The second trip to Scotland was one of the greatest things I have ever done: Up Helly Aa. This Viking fire festival takes place in the remote Shetland Islands, adrift between Scotland and Norway.

I did the Haggis Adventures Up Helly Aa tour — it was so good, three of my readers booked the same tour the following year! (Worth noting: the tour they run today includes an extra day in Shetland. Excellent!)

After traveling up the coast, we took an overnight ferry to the islands and explored the ruins and the landscape. Shetland is phenomenally beautiful and even has a double beach!

Shetland Double BeachFirst Glimpse of LerwickTropical Beach in Shetland?

The next day, the Up Helly Aa celebrations began with a parade and Vikings yelling, “Yarrr!” before breaking into the Broadway standard “Enjoy Yourself, It’s Later Than You Think.” We posed for photos with the Vikings and I was even filmed for BBC Scotland!

Kate and a VikingViking CelebrationBaby Vikings

That night began the burning. Men and boys dressed up in fancy Viking costumes were paraded down the street in a beautifully lacquered Viking boat made for the occasion. Following them were lines and lines of Shetland dressed in various costumes — drag! Marvel villains! Chicken suits! — and holding flaming torches.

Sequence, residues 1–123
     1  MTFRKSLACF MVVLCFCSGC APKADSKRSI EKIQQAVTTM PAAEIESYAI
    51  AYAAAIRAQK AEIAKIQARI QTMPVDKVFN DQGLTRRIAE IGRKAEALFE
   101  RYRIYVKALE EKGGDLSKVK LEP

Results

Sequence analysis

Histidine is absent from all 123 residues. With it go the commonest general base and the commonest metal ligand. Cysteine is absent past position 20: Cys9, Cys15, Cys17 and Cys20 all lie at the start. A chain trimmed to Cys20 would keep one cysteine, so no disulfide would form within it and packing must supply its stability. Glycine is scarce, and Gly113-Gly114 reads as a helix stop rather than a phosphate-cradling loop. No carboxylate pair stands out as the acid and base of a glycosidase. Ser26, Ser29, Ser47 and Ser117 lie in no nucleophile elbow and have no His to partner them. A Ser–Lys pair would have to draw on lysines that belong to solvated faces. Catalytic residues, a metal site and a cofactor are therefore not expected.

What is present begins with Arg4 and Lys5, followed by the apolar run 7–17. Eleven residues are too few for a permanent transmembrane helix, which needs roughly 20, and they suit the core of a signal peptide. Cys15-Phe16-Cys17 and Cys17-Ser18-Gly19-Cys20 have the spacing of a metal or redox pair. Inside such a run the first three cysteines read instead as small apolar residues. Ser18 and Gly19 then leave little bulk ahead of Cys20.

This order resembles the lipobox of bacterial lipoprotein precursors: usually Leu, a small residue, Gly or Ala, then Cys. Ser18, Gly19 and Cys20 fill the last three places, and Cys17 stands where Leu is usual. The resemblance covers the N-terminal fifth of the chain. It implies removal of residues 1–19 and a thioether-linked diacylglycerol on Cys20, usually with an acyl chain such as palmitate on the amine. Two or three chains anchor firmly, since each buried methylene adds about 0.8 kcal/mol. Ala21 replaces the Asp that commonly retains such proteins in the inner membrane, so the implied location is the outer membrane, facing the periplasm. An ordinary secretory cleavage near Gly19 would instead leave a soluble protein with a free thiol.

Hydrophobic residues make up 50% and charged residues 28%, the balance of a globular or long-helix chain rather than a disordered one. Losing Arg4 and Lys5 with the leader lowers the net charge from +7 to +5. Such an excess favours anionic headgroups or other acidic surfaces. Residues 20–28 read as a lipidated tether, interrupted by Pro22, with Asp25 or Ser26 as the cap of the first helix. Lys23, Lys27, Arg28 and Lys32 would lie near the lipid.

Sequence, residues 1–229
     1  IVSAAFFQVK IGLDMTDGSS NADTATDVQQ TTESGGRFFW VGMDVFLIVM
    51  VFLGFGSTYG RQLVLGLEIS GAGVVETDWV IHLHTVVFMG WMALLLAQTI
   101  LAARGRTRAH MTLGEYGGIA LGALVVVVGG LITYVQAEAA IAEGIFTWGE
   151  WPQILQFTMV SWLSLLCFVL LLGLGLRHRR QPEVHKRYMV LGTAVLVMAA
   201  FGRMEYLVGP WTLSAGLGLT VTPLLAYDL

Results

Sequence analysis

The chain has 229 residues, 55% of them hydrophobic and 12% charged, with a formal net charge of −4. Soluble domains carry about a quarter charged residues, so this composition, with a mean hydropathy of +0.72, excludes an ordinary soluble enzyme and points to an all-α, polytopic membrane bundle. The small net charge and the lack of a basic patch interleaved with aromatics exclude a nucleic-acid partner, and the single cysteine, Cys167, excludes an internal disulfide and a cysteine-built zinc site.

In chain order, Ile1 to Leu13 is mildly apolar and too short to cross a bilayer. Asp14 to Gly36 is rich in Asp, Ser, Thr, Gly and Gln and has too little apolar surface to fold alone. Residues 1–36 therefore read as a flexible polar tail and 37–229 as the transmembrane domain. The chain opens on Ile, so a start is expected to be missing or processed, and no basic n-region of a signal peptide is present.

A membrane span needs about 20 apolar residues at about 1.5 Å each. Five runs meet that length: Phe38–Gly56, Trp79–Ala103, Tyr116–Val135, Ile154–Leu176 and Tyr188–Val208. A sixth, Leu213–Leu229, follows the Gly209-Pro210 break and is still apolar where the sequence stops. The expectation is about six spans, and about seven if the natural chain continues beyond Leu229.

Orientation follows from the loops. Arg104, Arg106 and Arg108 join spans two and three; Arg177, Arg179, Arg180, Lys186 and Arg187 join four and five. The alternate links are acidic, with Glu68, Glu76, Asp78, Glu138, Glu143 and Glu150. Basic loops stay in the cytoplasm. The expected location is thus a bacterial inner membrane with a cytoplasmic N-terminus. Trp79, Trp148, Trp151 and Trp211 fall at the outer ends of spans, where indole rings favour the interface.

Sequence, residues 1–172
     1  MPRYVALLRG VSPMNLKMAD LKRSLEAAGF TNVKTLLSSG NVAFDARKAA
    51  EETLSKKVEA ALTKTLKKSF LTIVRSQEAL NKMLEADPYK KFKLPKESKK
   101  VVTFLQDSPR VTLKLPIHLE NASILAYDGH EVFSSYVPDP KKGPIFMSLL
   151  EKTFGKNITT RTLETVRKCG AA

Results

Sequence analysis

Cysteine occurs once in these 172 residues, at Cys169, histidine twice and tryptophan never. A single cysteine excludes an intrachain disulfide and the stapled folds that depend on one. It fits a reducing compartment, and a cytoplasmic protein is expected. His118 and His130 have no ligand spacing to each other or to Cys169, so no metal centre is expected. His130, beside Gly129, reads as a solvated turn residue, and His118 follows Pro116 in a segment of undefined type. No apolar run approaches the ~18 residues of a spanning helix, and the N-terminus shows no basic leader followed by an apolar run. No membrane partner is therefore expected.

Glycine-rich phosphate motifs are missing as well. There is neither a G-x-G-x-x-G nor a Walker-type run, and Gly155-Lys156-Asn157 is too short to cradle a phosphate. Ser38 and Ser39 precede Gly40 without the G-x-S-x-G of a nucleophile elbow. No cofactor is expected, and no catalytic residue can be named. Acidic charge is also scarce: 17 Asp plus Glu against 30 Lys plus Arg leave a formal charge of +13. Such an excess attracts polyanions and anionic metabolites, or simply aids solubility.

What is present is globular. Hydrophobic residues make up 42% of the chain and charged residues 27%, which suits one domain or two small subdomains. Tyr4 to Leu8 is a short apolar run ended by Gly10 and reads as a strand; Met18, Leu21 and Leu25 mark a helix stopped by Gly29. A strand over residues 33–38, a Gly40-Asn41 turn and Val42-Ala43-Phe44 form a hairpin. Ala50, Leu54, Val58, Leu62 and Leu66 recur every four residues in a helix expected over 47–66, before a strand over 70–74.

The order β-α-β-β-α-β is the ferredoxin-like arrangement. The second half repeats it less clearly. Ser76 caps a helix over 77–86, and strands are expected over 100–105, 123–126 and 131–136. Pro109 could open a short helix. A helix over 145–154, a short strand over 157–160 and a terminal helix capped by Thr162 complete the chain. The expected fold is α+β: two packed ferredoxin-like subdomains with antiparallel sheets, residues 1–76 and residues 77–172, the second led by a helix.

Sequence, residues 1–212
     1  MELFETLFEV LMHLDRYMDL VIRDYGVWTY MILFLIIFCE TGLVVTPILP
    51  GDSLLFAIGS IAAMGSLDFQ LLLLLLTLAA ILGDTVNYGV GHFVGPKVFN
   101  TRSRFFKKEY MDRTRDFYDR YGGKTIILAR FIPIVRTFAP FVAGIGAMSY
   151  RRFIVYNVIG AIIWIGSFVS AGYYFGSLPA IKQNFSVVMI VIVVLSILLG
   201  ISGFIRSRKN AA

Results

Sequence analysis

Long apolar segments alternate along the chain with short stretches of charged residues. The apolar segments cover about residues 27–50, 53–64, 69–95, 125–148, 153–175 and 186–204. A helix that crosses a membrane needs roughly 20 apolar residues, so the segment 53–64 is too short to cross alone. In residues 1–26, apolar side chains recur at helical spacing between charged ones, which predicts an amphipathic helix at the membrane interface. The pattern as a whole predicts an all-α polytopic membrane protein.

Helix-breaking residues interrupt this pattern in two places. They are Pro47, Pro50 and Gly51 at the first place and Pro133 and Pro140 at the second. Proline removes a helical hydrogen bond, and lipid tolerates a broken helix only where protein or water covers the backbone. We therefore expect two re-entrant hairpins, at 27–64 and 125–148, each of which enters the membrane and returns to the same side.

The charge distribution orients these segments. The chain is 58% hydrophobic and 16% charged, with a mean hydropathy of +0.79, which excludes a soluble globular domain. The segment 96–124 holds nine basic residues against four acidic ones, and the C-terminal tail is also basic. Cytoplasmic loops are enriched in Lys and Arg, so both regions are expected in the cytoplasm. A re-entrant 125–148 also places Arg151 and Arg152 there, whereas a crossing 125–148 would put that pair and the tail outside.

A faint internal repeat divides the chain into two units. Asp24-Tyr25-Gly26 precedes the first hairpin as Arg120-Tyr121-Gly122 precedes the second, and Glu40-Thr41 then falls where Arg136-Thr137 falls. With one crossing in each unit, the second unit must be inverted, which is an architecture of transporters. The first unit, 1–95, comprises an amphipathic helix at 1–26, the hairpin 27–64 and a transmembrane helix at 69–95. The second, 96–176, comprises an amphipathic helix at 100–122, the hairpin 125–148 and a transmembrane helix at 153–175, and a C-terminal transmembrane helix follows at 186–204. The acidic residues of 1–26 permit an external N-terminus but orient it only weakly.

The boat was pushed to a field, the Vikings got out…and then EVERYONE THREW THEIR TORCHES INTO THE BOAT AND LIT IT ON FIRE. That beautiful boat had served its purpose.

Up Helly Aa in Drag!Up Helly AaUp Helly Aa

Next, everyone moved to parties and danced all night long to traditional Shetland music in between performances from the various squads of Shetlanders. They had costumed routines to “Moves Like Jagger” and “Party Rock Anthem.” (I still think of Shetland whenever I hear those songs.)

Our guides taught us all the dances and soon we were whirling around with the kilted locals. And the best part of Up Helly Aa? It goes ALL NIGHT LONG. Seriously. We danced until 8:06 AM and just skipped sleeping that night, falling into bed at around 9:00 PM on the ferry home.